ʿĪd al-Fiṭr Prayer (During Lockdown) 

Various opinions among scholars emerged regarding the performance of ʿĪd prayers at home, with some encouraging it if the minimum number of participants were present, even though they may have previously discouraged home-based Jumuʿah prayers. Others suggested that, similar to Jumuʿah, ʿId prayers should not be conducted at home but would still be valid if performed. Instead of home-based ʿĪd prayers, they encouraged engaging in optional (nafl) prayers. On the contrary, some scholars maintained that ʿĪd prayers at home were invalid. 

Concerns were raised in government and media circles about the possibility of Muslims attempting to hold ʿĪd congregations in various locations despite lockdown measures. While some individuals opted not to perform ʿĪd prayers at all, many chose to do so in parks or other communal areas such as businesses. A few masjids also conducted ʿĪd prayers with a limited number of congregation members.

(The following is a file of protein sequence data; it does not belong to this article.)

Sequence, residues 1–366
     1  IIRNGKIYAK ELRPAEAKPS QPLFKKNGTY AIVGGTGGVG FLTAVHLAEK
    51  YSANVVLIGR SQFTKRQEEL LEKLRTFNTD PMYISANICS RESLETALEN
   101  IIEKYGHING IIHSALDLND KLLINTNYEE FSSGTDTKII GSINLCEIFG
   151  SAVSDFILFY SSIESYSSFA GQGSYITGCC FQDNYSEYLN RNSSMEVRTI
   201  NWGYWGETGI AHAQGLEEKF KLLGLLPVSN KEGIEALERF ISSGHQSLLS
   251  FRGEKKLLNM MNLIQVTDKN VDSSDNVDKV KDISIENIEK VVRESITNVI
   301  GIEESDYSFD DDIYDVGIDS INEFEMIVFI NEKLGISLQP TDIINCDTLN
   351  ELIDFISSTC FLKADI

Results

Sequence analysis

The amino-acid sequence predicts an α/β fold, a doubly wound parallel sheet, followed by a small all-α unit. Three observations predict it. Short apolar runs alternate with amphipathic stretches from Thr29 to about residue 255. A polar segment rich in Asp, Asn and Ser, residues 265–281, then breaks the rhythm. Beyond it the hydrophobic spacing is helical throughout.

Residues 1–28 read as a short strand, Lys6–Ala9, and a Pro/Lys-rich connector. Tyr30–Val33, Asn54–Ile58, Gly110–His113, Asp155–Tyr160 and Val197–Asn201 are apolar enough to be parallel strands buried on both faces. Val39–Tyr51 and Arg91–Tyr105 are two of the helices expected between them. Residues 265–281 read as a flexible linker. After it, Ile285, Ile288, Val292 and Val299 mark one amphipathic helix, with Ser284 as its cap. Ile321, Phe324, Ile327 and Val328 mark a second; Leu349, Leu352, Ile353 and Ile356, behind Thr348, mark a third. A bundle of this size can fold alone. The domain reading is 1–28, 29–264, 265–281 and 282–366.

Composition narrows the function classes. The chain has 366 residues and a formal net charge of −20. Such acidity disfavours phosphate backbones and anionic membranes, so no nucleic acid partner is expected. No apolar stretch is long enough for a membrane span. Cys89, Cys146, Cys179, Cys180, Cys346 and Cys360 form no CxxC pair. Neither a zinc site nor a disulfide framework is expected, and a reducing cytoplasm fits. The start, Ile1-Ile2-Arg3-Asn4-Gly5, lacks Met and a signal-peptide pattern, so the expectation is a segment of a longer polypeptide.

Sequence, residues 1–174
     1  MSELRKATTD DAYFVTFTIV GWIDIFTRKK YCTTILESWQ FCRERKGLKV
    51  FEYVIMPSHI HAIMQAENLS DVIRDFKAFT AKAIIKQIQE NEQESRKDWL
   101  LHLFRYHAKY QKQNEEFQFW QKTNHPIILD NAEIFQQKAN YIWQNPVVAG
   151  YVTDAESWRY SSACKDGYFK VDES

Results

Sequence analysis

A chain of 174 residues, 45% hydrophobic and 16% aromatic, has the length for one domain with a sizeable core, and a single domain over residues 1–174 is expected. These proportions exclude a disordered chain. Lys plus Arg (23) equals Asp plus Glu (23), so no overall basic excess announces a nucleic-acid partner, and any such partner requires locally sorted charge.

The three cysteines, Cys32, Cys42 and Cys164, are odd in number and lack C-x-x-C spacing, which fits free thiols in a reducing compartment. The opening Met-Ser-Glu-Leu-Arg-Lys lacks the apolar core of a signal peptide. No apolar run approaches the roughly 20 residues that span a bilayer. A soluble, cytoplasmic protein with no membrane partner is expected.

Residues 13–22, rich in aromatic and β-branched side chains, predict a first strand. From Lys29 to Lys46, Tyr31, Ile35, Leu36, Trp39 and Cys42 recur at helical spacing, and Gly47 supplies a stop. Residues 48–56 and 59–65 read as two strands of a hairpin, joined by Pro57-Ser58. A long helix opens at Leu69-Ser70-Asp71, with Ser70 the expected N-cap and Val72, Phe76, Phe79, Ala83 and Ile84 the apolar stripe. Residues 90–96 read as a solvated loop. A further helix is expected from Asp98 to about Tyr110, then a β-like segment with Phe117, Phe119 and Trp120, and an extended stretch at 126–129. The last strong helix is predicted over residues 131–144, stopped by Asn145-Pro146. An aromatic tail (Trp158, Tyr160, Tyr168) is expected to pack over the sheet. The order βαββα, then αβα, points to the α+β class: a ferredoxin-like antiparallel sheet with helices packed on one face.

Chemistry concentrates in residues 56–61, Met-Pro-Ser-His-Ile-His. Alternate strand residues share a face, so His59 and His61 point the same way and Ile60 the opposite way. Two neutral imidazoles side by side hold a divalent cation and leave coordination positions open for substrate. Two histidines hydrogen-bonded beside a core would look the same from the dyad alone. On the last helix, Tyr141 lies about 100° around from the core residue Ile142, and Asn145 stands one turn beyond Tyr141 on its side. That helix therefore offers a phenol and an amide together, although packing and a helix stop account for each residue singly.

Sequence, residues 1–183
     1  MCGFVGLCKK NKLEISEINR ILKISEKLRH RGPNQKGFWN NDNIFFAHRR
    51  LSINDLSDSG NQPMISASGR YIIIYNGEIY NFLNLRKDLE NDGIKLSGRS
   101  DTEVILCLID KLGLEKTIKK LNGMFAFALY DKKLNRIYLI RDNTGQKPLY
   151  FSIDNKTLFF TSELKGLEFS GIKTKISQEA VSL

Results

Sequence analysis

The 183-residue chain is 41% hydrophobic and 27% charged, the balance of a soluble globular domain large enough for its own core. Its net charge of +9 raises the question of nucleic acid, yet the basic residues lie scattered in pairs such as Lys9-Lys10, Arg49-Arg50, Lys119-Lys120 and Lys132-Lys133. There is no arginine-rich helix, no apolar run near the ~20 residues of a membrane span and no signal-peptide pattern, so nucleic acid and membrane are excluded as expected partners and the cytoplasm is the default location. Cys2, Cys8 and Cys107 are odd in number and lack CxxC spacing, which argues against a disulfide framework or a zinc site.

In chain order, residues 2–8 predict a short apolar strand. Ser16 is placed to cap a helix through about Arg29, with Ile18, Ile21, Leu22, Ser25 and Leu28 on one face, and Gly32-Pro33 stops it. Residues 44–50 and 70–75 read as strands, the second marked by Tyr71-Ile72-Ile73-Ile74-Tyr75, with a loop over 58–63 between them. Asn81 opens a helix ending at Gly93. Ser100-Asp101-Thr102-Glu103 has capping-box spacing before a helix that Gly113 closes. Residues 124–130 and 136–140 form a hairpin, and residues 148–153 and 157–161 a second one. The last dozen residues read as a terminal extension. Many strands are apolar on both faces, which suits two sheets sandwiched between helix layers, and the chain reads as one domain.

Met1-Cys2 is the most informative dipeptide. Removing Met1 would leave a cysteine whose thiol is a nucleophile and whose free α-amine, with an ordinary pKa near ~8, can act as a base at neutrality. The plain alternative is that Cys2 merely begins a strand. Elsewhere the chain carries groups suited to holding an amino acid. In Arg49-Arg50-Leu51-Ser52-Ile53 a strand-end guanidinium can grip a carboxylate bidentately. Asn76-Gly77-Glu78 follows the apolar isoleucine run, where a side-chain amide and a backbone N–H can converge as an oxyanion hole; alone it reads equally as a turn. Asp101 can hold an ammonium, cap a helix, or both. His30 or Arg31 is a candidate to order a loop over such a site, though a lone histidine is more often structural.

ʿId al-Aḍḥā Prayer (Post Lockdown) 

Masjids that had reopened for congregational prayers also held ʿĪd prayer. Most of these masjids held numerous congregations leading to an unprecedented number of ʿĪd prayer across the country. Some councils in the UK imposed a lockdown just before ʿĪd al-Aḍḥā as they feared the virus was rapidly spreading in their constituency. While some masjids adhered to these restrictions, others believed it was unjust and still proceeded with ʿĪd prayers. In certain areas, masjid authorities sought special permission from local councils to conduct larger outdoor ʿĪd congregations abiding by the social distancing rules and the reduced risk of contagion outdoors based on new research. 

Funeral Preparations and Burials